“In the Summer and Fall of 2019, the FDA investigated the medication after it was found to contain high concentrations of NDMA, a chemical that is known to potentially cause cancer. Over time, the ingredients in Zantac (generic: ranitidine) appeared to break down and form NDMA, particularly in high temperatures or in long-term storage. In September 2019, the FDA issued an alert warning the public about the connection, and in April 2020 the FDA demanded removal of the medication after determining that NDMA levels can reach dangerous levels under even normal storage conditions.” Legal examiner
“Zantac was introduced in the 1980s and, along with its generic version, has been one of the most popular heartburn medications for over 30 years. In 2004, the FDA approved certain versions of Zantac for over-the-counter distribution in the US. Tens of millions of people take the medication on a regular basis.” Id.
What Is Zantac?
Zantac is a drug that is intended to treat heartburn, stomach ulcers and gastroesophageal reflux disease. Zantac is one of the commercial names for the drug ranitidine. In actuality, Zantac is one of many different drugs in this class, but it is the most well-known medication and has become associated with the type of heartburn drug much in the same way that people associated Coke with cola.
Ranitidine cancer lawsuit
Ranitidine acts as an inhibitor. Gastric parietal cells have histamine receptors that are involved in the production of stomach acid. By inhibiting them, the amount of stomach acid is decreased, lessening the heartburn and ulcers that it causes. Ranitidine was originally developed by GlaxoSmithKline. Now, the drug is sold in the U.S. by Sanofi. The drug has always posted among the highest sales numbers of all medications. By 1990, the drug was doing over $2 billion in sales. It soon faced competition from drugs such as Prilosec and Nexium, but still maintained its place near the top of the market.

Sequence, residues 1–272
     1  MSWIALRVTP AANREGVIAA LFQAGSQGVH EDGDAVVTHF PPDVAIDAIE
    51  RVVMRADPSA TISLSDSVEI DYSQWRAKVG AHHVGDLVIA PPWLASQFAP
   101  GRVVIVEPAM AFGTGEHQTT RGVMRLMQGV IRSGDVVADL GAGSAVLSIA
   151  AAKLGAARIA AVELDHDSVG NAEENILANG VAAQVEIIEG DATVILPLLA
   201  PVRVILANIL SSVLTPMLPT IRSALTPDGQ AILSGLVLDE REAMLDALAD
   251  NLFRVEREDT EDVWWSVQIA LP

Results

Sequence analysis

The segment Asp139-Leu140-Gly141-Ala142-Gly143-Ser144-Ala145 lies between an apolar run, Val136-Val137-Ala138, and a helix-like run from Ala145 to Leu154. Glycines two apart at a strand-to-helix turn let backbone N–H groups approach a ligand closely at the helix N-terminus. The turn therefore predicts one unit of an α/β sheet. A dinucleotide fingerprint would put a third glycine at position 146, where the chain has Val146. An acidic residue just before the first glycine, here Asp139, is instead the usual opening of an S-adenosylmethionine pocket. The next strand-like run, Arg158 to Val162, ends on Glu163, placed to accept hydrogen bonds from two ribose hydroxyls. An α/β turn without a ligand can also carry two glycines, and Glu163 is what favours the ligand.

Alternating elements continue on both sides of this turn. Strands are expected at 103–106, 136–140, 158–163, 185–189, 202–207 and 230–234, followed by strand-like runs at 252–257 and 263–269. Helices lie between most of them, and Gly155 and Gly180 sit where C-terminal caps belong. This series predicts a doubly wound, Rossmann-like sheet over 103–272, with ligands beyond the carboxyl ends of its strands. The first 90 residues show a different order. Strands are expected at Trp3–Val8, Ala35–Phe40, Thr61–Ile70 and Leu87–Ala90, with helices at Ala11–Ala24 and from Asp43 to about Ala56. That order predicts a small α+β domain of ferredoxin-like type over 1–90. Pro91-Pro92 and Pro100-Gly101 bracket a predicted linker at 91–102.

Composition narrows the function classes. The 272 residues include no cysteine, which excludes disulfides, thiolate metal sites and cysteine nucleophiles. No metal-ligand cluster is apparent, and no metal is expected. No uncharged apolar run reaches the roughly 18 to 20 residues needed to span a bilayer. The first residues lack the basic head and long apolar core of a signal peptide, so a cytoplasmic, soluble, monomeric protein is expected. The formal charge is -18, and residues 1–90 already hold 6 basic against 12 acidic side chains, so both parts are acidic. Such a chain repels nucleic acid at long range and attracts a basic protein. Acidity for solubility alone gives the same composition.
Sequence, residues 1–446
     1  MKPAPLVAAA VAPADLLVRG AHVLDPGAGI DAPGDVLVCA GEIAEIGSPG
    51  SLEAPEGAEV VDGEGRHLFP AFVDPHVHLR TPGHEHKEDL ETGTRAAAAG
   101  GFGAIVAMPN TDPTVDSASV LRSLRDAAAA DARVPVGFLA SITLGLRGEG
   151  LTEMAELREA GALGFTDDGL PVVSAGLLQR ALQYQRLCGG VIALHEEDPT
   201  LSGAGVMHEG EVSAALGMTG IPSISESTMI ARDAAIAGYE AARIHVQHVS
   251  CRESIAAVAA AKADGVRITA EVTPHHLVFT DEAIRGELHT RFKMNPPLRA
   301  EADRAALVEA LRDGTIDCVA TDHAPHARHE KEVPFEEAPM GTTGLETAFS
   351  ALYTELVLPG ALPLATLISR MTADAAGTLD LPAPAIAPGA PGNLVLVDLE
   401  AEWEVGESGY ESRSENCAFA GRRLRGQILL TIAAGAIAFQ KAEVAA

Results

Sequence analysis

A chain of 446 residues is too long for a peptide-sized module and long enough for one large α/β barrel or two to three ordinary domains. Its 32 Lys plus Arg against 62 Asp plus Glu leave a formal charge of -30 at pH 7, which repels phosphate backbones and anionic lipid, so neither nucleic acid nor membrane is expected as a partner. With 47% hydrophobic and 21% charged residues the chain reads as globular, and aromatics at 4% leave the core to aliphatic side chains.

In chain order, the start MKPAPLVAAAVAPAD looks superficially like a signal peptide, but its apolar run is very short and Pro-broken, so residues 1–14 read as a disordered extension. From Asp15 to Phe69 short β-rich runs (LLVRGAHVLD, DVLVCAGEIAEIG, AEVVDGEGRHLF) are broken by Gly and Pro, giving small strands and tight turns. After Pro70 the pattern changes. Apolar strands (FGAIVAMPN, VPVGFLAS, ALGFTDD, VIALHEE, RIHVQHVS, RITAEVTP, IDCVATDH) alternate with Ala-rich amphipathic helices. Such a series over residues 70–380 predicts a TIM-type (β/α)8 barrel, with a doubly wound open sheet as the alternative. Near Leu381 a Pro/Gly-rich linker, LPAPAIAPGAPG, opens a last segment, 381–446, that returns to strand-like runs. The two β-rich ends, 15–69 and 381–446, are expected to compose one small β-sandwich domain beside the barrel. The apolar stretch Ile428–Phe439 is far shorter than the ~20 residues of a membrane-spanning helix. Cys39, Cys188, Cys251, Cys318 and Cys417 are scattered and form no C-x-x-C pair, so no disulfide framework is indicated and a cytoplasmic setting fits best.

What Is the Problem with Zantac?
In order to understand the problem with Zantac, it is necessary to take a step back earlier to 2018, when contamination problems with other drugs began to be detected. During that time, testing revealed that the popular class of blood pressure medications called valsartan contained a possibly harmful substance that was introduced during the manufacturing process.
The specific contaminant is something that is called NDMA. It is a substance that can be found in certain processed foods and even groundwater. Its scientific name is dimethylnitrosamine and it is an organic compound. The problem with NDMA is that it is a known carcinogen in laboratory animals. This does not mean that all human beings who ingest any amount of NDMA will develop cancer. However, the government determines the safe amount of NDMA that a human can consume without being at risk for cancer.
- 1983- “Glaxo Holdings Ltd, now a part of GlaxoSmithKline PLC, receives its first U.S. FDA approval for Zantac as a short-term treatment of a common form of ulcers. The drug was already approved in 31 different countries.” Reuters
- 1988- Zantac has over 1 billion in annual sales and is the best selling drug in the world.